It is additionally important to keep in mind, that much like romantic love, Passion can dwindle. This can happen for a variety of reasons, but it does not have to mean that all is lost. In time, exposure to new things as our value systems change can find us engaging in other things we find meaningful that can re-activate the feelings of Passion.

Remember Grit?

In Angela Duckworth's 'Grit: The Power of Passion and Perseverance', she reveals that when studying sustainable long term high achieving people, Grit (the combination of Passion and Perseverance) outperformed those with skill and natural talent.

To ignore Passion, and function purely on perseverance makes us vulnerable to early burn-out, or the inability to perform at our highest potential. To only function on Passion, we are equally at a deficit as when the flame dies, our efforts can dwindle. Both are required to achieve optimal states of functioning, and the best part, is that when we express both we can activate four other Psychological universal needs: Autonomy, Mastery, Purpose and Relatedness. 

Autonomy in the sense that we choose to go in the direction of our Passion. This is always a choice.

Mastery in the sense that because we intrinsically love what we do, we tend to want to do it more and for longer, cultivating eventual mastery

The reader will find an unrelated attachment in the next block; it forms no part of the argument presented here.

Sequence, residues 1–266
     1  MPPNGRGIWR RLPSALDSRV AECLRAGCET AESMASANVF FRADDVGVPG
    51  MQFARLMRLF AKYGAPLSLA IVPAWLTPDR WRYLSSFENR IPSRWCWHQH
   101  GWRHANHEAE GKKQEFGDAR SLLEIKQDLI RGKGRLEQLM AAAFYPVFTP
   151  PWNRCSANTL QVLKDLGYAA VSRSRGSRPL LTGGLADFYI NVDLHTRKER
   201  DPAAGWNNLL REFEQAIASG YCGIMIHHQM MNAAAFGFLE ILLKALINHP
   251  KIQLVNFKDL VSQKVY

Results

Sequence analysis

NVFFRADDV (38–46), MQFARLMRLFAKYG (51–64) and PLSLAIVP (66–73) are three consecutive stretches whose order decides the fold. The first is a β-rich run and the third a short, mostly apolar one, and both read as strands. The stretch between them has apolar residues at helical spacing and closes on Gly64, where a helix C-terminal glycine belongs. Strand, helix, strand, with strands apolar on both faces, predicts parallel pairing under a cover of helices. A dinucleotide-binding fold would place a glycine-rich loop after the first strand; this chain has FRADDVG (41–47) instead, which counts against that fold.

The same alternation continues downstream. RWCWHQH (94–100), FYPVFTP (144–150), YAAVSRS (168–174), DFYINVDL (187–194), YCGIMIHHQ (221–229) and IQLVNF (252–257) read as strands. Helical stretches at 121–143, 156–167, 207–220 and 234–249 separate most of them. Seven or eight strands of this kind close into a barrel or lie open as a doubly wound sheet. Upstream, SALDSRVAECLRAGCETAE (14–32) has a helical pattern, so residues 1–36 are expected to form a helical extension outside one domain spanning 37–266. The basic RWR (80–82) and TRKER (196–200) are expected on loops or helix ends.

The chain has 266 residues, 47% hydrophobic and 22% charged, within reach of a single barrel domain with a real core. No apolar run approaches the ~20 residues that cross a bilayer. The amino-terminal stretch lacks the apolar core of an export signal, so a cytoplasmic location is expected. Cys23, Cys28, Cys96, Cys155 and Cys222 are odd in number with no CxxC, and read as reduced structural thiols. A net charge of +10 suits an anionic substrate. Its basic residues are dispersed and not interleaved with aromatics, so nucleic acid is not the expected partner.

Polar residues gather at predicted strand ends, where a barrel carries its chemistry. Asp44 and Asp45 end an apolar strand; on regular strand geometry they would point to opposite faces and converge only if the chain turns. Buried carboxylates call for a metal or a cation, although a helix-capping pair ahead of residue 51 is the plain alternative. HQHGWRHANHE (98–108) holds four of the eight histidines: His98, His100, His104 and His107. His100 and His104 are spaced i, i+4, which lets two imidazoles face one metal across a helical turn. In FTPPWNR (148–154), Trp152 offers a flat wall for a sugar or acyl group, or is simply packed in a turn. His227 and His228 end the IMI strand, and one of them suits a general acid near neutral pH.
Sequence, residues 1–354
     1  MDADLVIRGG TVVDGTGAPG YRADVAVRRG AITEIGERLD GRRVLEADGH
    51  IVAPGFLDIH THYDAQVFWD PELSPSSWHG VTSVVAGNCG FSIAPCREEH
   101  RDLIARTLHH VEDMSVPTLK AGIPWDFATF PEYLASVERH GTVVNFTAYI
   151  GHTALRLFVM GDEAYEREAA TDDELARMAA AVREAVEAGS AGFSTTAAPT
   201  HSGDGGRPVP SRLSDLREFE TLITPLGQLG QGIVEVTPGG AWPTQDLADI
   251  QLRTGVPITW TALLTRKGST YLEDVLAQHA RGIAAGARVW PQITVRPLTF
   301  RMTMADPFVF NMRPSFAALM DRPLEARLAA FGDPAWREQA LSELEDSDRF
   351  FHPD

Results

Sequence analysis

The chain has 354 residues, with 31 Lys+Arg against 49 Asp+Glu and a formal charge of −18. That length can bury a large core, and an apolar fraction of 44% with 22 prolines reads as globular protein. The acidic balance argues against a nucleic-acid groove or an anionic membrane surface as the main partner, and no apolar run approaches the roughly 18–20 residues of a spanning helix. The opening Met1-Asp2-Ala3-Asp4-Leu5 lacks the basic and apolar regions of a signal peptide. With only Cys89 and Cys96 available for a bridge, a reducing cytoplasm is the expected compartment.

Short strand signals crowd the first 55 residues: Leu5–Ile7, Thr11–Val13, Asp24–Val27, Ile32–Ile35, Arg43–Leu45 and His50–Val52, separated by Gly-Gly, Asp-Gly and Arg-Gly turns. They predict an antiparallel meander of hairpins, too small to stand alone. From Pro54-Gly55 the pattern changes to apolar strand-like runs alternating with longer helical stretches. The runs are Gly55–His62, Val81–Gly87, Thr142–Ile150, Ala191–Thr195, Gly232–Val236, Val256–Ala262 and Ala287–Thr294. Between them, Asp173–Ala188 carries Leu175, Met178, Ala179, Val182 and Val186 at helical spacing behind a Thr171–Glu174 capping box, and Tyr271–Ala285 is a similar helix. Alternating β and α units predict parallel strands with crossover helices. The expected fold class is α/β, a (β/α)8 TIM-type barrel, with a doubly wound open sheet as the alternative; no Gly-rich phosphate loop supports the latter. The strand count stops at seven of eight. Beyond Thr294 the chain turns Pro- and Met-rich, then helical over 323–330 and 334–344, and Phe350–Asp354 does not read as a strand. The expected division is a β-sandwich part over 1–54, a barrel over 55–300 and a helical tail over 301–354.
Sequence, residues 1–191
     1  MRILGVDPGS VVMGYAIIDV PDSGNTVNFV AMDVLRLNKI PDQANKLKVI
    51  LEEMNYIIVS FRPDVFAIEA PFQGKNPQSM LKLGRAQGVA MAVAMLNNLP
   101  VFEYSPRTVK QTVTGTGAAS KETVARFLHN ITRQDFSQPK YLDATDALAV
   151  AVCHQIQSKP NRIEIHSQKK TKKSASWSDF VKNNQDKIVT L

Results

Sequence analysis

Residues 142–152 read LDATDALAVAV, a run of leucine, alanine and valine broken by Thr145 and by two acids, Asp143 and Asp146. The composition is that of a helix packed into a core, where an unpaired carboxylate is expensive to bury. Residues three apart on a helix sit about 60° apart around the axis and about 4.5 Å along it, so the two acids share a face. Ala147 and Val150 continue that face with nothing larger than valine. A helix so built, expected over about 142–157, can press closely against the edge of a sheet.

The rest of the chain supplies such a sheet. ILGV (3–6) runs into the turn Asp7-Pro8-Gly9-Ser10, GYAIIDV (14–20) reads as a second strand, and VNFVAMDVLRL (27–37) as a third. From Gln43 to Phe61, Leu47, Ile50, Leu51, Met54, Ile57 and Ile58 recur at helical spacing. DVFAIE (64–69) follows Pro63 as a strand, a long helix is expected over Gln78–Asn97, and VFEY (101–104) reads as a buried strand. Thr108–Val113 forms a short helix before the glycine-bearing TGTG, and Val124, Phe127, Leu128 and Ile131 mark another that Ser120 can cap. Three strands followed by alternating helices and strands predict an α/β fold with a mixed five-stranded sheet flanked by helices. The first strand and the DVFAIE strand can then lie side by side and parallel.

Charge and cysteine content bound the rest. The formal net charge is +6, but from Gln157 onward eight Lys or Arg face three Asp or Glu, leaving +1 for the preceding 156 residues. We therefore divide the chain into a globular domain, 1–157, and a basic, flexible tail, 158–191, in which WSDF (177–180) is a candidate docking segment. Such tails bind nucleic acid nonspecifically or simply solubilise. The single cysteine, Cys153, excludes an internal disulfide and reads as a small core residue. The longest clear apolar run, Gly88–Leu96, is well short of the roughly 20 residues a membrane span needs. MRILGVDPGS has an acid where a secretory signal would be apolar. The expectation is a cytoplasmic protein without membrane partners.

Purpose in the sense that when we express our Passion in the form of the work we do we value the work intrinsically, therefor resulting in a shared value system that creates a feeling of Purpose

Relatedness in the sense that when we do the things we love regularly we experience a higher state of Psychological well-being, which then reflects outwards into our relationships

To undervalue our Passions, are to not live up to our highest potentials. Not in the form of extrinsic compensation, but in the form of our intrinsic compensation. To only go after the things that are valuable to others, but not valuable to one's self is to deprive our lives the fulfilment necessary to feel higher levels of well-being. We do not have enough time on this planet to sacrifice our intrinsic needs for the needs of others. We will only end up draining our own cups, which are of no value to anyone when empty, especially ourselves. Dare to live, by daring to dream.

Final Note:

There is a word of caution when considering doing the things we are Passionate about, and that is to be mindful to ensure we align it to the harmonious side of Passion.

Dr. Robert Vallerand created a dualistic model for Passion.  This model suggested that the quality of life in those expressing harmonious Passion experienced both sustainable and significantly higher levels of well-being than those that expressed obsessive Passion or no Passion at all. Harmonious is defined as being able to control your Passion, and harmoniously integrate it into your life; whereas Obsessive were defined as having an inability to control your Passion and have it dominate all other facets of life.